Sales day madness replaced with just one click

Now and then ... smaller crowds turned out for bargains in Sydney’s CBD on Wednesday.
Now and then ... smaller crowds turned out for bargains in Sydney’s CBD on Wednesday.
2004 ... in years past shoppers in Sydney and Melbourne  have been more numerous.

2004 ... in years past shoppers in Sydney and Melbourne have been more numerous.

THE age of the Boxing Day sales starting with a bang are over. These digital days, the trample or be trampled approach to discount shopping has been diluted by cyber space. After all, what's the rush now that Boxing Day bargains are on offer on Christmas Eve?

But it hasn't always been so. There was a time when the risk of being injured in the rush for reduced wrapping, cut-price cards and discounted decorations was very, very real. In 1992, a woman lost the tips of two fingers when her hand was caught in a roller door at Japanese department store Daimaru, in Melbourne Central. Ten years ago, Myer was forced to repeatedly turn off its escalators because of the sheer number of people on them.

But things have changed. While the big department stores still make a fuss of opening early, some city shops didn't bother.

Clothing store Scanlan & Theodore and gift shop Rap Products were among a minority of retailers who decided to give Boxing Day a miss. For them, post-Christmas trade begins on Thursday.

Sticking with tradition were Myer and David Jones which opened their flagship Pitt Street Mall stores at 5am. An estimated 400 people queued in a ''very orderly'' fashion outside Myer and hundreds more gathered outside David Jones.

Nine-year-old Holly Rempt had a sleep-in on Christmas Day compared to her 3.55am wake-up call to get to the Boxing Day sales.

''She was shocked, she has never been up this early in her life,'' said her mother, Kristy, in Pitt Street Mall. The pair travelled from their home in Cromer and lined up at 4.30 for the opening of Myer at 5. The online sales were not tempting enough to lure them away from bricks and mortar shops.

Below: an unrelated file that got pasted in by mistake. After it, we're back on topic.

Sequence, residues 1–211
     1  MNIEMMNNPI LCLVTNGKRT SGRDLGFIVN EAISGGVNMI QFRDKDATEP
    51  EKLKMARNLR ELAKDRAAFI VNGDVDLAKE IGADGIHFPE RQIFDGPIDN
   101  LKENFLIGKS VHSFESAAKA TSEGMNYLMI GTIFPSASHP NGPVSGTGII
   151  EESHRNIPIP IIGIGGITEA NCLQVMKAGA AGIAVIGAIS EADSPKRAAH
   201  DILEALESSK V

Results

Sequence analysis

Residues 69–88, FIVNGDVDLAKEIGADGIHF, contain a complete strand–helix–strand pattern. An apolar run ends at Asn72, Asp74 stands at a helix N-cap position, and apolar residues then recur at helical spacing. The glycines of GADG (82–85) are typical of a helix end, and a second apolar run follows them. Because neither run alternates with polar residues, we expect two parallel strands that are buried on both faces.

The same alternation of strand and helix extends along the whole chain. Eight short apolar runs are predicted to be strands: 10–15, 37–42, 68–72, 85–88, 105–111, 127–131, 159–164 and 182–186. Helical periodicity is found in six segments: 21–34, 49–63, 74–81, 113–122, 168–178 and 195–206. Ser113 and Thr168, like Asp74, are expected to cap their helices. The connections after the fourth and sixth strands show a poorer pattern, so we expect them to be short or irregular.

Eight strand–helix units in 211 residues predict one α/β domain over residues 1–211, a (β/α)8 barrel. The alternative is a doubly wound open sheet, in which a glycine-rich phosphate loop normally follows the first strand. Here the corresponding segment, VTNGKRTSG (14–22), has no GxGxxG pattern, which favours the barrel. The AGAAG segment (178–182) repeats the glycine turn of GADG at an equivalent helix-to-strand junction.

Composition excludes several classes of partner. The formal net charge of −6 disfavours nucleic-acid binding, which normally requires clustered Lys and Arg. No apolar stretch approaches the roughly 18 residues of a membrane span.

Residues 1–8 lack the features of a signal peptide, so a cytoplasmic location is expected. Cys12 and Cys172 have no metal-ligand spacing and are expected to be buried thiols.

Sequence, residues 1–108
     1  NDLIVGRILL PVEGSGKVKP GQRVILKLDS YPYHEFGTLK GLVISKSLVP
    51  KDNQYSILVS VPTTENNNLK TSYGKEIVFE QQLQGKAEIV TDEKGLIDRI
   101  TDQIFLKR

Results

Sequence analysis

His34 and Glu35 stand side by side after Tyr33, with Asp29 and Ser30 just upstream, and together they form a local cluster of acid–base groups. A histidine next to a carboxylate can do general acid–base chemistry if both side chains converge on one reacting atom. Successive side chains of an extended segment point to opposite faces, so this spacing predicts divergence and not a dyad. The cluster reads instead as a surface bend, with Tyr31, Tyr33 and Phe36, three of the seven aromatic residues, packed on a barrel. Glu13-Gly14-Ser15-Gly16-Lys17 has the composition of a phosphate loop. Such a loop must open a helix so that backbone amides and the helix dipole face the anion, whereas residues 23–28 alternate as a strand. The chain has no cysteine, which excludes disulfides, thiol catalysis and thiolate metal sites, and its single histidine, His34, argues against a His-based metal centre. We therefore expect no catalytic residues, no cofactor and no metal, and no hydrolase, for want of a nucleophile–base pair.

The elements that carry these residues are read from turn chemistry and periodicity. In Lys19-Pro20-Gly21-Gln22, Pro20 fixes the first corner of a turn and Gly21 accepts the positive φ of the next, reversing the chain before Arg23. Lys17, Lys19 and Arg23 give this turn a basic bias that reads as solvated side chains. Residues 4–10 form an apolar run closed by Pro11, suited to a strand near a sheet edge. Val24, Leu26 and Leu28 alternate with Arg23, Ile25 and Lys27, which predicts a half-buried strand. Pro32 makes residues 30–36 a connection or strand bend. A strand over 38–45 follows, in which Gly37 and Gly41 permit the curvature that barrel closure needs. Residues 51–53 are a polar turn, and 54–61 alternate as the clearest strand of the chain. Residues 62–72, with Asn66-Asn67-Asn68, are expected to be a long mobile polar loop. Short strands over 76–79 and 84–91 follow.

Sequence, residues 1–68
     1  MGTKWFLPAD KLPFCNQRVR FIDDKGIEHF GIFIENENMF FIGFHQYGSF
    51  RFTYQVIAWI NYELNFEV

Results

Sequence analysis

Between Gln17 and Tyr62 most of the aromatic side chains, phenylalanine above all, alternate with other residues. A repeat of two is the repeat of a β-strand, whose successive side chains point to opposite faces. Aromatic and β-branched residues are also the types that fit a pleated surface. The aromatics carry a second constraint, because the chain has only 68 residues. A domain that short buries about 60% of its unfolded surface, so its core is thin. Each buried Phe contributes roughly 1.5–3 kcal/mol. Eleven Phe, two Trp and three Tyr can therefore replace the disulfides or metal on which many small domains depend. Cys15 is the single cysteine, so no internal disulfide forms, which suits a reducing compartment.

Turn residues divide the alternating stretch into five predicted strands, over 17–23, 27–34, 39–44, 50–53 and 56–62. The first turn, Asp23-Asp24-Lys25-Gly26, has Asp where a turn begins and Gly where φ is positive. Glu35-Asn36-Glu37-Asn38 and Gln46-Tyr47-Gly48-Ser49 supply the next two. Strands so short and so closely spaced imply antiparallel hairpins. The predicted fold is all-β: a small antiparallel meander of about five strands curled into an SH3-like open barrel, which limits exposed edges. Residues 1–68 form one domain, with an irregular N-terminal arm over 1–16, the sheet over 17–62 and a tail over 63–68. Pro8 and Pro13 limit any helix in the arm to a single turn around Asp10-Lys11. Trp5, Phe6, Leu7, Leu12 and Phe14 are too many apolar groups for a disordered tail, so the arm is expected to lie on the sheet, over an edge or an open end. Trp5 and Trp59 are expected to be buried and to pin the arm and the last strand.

''We like to try everything on. That's really important to us. We've been burned in the past,'' Ms Rempt said.

One of the largest lines in the city was outside Gucci on Castlereagh Street, where sisters Daniella and Jess Maalla, from Marrickville, were queuing.

Jess had her eye on a particular handbag. ''Gucci is never on sale,'' said Daniella.

The Australian National Retailers Association tipped spending nationally to top $1.8 billion.

Its chief executive, Margy Osmond, used Boxing Day to urge the NSW government to change its public holiday restrictions on trade outside tourist precincts.

Despite restrictions on bricks and mortar trade, the National Retail Association chief executive, Trevor Evans said the nation's retailers had reason to be optimistic. He said this year's interest rate cuts, solid wage growth and a possible lull in declining house prices had boosted hopes Boxing Day 2012 would be an improvement on last year. Mr Evans also said the high Australian dollar had allowed retailers to import Christmas sales stock at cheaper prices.

However, retailers are increasingly trying to maximise click traffic while still keeping an eye on foot traffic. And for good reason. About 8 per cent of online Christmas spending headed overseas and Boxing Day sales are increasingly engineered to capitalise on the trend.

Though reluctant to reveal online sales data, David Jones, Myer and Dick Smith were among the retailers who began their discounting online as early as Christmas Eve.

This story Sales day madness replaced with just one click first appeared on The Sydney Morning Herald.